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Government rolls out new ways to find COVID-19 vaccine with website, text messaging service


(WASHINGTON) — As the Biden administration continues to reach out to Americans who remain unvaccinated, the Department of Health and Human Services and the Centers for Disease Control and Prevention are launching a text messaging service, website and toll-free hotline to make the search easier, accurate and accessible.

Part of the effort includes taking over the popular VaccineFinder.org as a government site to make finding a vaccination location less time-consuming. Some of the features resulting from this launch include assistance provided in more than 150 languages as well as the ability to text or call a hotline number to immediately find the nearest available vaccination centers.

VaccineFinder.org has transitioned to become vaccines.gov, an HHS- and CDC-supported site, to help Americans in every corner of the country schedule a vaccine. This new website will be available in both English and Spanish (vacunas.gov). The old address will still point you in the direction of the government site.

“As we work to increase access to the COVID-19 vaccines, these tools will eliminate burdens and help make it easier to find vaccination sites,” Surgeon General Dr. Vivek Murthy, said in a statement. “By making it easier to find a vaccine, we will help people take a big step towards protecting themselves against COVID-19 and returning to their lives.”

Americans can now text their ZIP code to GETVAX (438829) in English or VACUNA (822862) in Spanish to immediately receive addresses of nearby available vaccination centers.

To improve access to vaccines, especially for people with limited internet connection, language barriers or the inability to text, the HHS and CDC have launched a National COVID-19 Vaccination Assistance Hotline, at an upcoming 800 number.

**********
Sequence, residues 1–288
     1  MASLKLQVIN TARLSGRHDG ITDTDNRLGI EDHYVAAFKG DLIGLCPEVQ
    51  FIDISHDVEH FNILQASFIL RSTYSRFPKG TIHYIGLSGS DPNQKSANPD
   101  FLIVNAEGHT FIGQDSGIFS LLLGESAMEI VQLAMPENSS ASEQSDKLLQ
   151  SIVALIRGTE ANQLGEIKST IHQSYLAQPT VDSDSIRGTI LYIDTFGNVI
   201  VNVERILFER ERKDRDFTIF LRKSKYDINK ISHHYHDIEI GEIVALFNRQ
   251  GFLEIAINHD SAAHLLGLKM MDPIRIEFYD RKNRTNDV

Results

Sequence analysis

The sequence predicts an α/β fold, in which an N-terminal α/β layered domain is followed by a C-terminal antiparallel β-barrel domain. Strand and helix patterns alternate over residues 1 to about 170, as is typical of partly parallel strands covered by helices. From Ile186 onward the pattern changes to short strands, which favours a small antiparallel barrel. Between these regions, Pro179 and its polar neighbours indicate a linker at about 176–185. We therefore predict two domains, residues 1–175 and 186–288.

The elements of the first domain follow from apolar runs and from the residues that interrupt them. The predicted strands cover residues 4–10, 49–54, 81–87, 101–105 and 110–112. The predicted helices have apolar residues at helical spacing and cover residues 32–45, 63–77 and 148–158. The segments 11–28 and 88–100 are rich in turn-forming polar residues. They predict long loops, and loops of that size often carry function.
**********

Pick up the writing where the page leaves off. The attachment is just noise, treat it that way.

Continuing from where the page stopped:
The federal effort to broaden access comes as the entire United States is now allowing vaccinations for everyone 16 and older — with the younger population tending to favor texting.

“We are trying to meet people where they are,” said Dr. John Brownstein, one of the founders of VaccineFinder.org, an infectious disease epidemiologist at Boston’s Children’s Hospital and an ABC News Medical contributor. “Through that, we made enhancements with translations, and many more locations being displayed.”

VaccineFinder was created by Brownstein and Boston Children’s Hospital nearly eight years ago after the development of vaccines against the H1N1, or swine flu, epidemic. The website served as a one-stop shop to navigate not just swine flu vaccines, but also ones for shingles and influenza. It had been recently begun to be used for COVID-19 vaccinations.

“It cuts down the amount of time for people looking for vaccines,” said Brownstein. The site labels locations as in or out of stock of the vaccine to help avoid booking an appointment at a location that ran out of supply.

Those searching the website will enter their zip code, and can adjust the search radius to find locations nearest to them. Other options include searching for specific vaccines, such as Moderna or Johnson & Johnson.

This three-pronged approach of utilizing websites, calling and texting should come as welcoming news for those in rural areas, as well as those who have had to use multiple sites just to schedule an appointment.

Ultimately, the goal is to give every American the opportunity to be vaccinated.

“It’s all about vaccine equity at this point,” said Brownstein. “It’s making sure that those people who have been left behind can get vaccinated and hope that this tool can help with that. This is trying to simplify that process.”

Alexis E. Carrington, M.D., is a dermatology resident at George Washington University and a contributor to the ABC News Medical Unit.

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